The author of Psalm 45 begins by stating that his “heart is inditing a good matter” (45:1a). He thus expresses his viewpoint that he considers the thoughts that are filling his heart and pouring forth from it as good.
He then makes known the subject of those thoughts by saying, “I speak of the things which I have made touching the king” (45:1b). The good matter, therefore, that his heart was overflowing with concerned the King of whom he writes. He also expresses his skillfulness in setting forth his thoughts on his subject by declaring, “My tongue is the pen of a ready writer” (45:1c).
In the rest of the Psalm, he extols the King, beginning first by declaring His all-excelling fairness and superlative God-given eloquence (45:2a-b). He adds that because of His unequalled excellence in appearance, character, and speech, God has unendingly blessed Him (45:2c).
The Psalmist urges the King to gird Himself gloriously for warfare and to ride forth majestically to triumph over His enemies (45:3-5). Strikingly, he portrays the King’s decimating His enemies: “Thine arrows are sharp in the heart of the king’s enemies; whereby the people fall under thee” (45:5).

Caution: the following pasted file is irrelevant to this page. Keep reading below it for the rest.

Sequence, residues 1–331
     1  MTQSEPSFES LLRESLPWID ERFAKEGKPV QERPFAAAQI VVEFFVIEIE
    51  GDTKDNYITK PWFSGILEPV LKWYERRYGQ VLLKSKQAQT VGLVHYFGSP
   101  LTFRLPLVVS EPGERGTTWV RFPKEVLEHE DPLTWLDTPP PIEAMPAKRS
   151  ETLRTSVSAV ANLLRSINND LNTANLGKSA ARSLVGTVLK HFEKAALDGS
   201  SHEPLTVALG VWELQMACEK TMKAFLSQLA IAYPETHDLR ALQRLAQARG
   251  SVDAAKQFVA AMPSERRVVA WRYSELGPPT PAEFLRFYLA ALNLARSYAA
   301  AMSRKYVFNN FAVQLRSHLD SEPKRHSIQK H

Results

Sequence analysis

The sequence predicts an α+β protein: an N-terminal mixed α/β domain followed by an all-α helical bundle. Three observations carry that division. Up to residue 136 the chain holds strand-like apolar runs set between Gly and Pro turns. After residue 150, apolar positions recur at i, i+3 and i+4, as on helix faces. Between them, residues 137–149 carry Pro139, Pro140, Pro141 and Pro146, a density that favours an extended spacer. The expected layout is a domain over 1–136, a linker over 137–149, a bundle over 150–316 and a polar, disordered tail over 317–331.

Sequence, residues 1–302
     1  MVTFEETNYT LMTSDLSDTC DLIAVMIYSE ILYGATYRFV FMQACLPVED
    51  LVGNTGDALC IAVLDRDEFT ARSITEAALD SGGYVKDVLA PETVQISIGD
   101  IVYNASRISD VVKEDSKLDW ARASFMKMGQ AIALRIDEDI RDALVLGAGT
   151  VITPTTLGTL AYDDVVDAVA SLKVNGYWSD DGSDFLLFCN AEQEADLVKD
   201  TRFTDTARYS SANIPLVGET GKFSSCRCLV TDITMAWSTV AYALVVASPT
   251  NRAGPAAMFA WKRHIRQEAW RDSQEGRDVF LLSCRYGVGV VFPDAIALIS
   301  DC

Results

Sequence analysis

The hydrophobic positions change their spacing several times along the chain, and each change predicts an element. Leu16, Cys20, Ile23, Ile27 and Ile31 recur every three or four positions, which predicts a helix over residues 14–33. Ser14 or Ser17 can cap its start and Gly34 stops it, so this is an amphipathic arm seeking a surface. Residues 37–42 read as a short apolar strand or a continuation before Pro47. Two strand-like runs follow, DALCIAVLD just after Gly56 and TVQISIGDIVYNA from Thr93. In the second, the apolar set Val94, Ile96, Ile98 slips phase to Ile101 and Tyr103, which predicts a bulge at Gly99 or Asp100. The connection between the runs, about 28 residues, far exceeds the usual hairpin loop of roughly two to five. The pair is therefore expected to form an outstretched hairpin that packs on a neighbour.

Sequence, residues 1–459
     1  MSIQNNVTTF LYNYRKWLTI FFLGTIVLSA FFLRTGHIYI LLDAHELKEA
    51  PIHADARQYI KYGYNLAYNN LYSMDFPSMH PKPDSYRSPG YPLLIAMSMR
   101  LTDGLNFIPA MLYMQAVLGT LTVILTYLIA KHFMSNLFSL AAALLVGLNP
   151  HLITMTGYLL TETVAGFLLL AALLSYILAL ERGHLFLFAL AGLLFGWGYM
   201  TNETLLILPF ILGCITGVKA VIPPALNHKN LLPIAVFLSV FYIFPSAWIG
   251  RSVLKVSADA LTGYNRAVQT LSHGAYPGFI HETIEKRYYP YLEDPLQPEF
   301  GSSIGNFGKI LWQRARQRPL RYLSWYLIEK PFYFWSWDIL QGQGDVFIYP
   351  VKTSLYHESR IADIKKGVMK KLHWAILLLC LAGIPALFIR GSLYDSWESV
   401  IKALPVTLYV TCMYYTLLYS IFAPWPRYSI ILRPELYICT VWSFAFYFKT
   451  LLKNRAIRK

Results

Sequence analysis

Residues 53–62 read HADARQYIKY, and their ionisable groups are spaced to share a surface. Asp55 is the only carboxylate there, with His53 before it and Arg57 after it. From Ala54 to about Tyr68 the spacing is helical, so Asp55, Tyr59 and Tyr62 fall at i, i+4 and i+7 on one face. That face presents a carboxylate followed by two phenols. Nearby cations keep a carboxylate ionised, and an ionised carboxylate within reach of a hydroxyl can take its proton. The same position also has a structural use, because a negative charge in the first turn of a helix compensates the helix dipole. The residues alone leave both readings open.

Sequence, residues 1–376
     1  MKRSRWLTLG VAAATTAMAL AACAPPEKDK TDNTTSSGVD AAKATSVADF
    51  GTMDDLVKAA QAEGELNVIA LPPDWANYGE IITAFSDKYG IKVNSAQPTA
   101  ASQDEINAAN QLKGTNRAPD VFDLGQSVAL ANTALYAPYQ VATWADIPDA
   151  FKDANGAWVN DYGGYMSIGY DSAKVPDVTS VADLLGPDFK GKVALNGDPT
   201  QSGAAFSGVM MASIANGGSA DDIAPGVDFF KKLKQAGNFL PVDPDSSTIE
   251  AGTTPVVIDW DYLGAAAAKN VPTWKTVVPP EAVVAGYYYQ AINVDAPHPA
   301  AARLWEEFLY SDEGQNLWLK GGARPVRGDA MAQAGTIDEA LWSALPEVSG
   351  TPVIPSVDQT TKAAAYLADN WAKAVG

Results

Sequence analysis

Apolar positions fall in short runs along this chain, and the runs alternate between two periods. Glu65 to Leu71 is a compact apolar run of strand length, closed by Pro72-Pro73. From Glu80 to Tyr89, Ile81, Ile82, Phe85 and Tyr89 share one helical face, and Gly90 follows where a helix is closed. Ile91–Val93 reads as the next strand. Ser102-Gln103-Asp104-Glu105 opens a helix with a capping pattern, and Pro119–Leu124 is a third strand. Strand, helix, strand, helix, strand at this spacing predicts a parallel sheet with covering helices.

New Testament use of the next two verses (45:6-7) clearly identifies that this King is Jesus (cf. Heb. 1:2-6), the Messiah: “But unto the Son He saith, ‘Thy throne, O God, is for ever and ever: a scepter of righteousness is the scepter of Thy kingdom. Thou hast loved righteousness, and hated iniquity: therefore God, even Thy God, hath anointed Thee with the oil of gladness above Thy fellows” (1:8-9). Plainly, both the Psalmist and the writer of Hebrews are emphasizing that this King, who is God Himself, is yet One who has been exalted by the One who is His God (the Father).
From the first seven verses of Psalm 45, an important truth that many likely overlook becomes clear. The Psalmist regards writing about the God-exalted Messiah’s fierce destruction of His enemies as “a good matter.” In contrast to the perspectives of even many believers today, his overflowing thoughts about the messianic King that he considered good include His work as the God-blessed Judge!
This inspired hymn, therefore, teaches us that our worship music should include songs that extol Jesus Christ as the God-exalted Judge and state that His righteous judgment of the enemies of God is a good thing. May God help our music to reflect aright His perspectives about the glory that He has given to His Son as the Judge.